From San Diego's bayside front porch to its bucolic backcountry, Doug Manchester continues to build a lasting legacy and create some of the city's most enduring landmarks.
This year, the locally based Manchester Financial Group, and its subsidiaries with 3,000 employees nationwide, have embarked on several ambitious development projects and expect to post revenues in excess of $350 million.
In early October, Manchester Grand Resorts added to its growing portfolio with the opening of the much-ballyhooed $270 million hotel and spa on 380 acres in Penasquitos Canyon Preserve just east of I-5 near Del Mar.
"My proudest business accomplishment of the year was finishing the Grand Del Mar, which will soon become recognized as one of the premier hotels in the world, and certainly the only true five-star in America," said Papa Doug, the nickname he's called by employees, friends and business associates.
The engagement of his youngest daughter and $21 million raised for cancer research are personal milestones that the dedicated family man and generous philanthropist says trump the completion of the lavishly appointed resort.
The posh 249-room Grand Del Mar combines a luxury hotel with palatial residential villas, offering its upscale guests and owners such rich resort experiences as championship golf, spa treatments and fine dining.
According to Thomas Voss, president of the Manchester Grand Resorts, "the new boutique hotel is the master vision of Papa Doug," developer and owner of notable properties including the Manchester Grand Hyatt San Diego, San Diego Marriott Hotel and Marina, and the Whitetail Club in McCall, Idaho.
"He has the most discerning eye for high-end elegance and his insights into the luxury segment of the market are evident in the classic architectural style and intricate interior details," said Voss, noting that Manchester has been on site almost daily throughout the more than two-year construction process, personally selecting everything from the handcrafted marble and tile, and tending to the finer points of resort vacationing.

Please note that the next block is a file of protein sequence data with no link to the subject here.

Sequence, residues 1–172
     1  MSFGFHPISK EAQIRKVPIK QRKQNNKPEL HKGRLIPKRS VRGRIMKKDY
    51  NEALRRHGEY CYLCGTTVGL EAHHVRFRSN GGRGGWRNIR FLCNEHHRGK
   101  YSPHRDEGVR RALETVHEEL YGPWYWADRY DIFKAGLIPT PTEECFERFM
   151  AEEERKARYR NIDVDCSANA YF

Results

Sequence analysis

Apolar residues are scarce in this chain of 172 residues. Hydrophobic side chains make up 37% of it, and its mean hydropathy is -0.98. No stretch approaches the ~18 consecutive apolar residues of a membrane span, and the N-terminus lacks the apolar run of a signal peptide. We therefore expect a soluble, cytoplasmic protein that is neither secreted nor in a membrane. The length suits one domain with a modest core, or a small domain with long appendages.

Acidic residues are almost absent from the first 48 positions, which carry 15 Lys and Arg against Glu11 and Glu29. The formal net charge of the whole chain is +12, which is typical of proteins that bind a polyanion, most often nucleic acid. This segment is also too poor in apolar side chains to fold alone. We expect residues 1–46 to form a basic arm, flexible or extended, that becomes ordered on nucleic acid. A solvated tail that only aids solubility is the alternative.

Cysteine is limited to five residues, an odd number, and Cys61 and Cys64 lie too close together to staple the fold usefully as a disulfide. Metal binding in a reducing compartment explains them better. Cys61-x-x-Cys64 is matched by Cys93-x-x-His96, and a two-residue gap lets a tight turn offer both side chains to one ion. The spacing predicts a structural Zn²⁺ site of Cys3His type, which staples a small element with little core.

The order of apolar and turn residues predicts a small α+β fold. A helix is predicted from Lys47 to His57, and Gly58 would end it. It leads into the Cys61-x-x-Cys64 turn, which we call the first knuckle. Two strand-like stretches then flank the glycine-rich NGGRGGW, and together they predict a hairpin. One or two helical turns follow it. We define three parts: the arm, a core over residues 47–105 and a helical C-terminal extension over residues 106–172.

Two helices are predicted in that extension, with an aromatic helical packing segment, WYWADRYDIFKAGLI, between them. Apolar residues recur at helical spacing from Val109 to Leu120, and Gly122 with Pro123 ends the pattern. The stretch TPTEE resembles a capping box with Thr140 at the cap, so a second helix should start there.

With the new hotel up and running "ahead of room booking projections," Manchester's attention returns to a sweeping $800 million to $1 billion remake of the downtown waterfront. His company has been involved in most of the major bayside improvements built over the last two decades.
In late 2006, the Navy gave Manchester the rights to develop its 14.7-acre parcel bounded by Broadway, Harbor Drive and Pacific Highway in exchange for building a new command headquarters.
According to Manchester, "the project will create a wonderful, vibrant front porch to San Diego." He envisions offices, hotels, restaurants, shops and museum at the site, which has stirred community controversy and faces legal roadblocks.
The California Coastal Commission, he said, "refused to process our application even after the city issued an approval. As a result, we have been forced to seek a declaration relief in federal court to simply ask a judge to decide whether we do or do not have an enforceable agreement."
Describing San Diego as pro-union and anti-business, he cautions: "We need a business-friendly City Council and mayor to move America's Finest City forward."
Esterbrooks is a San Diego-based freelance writer.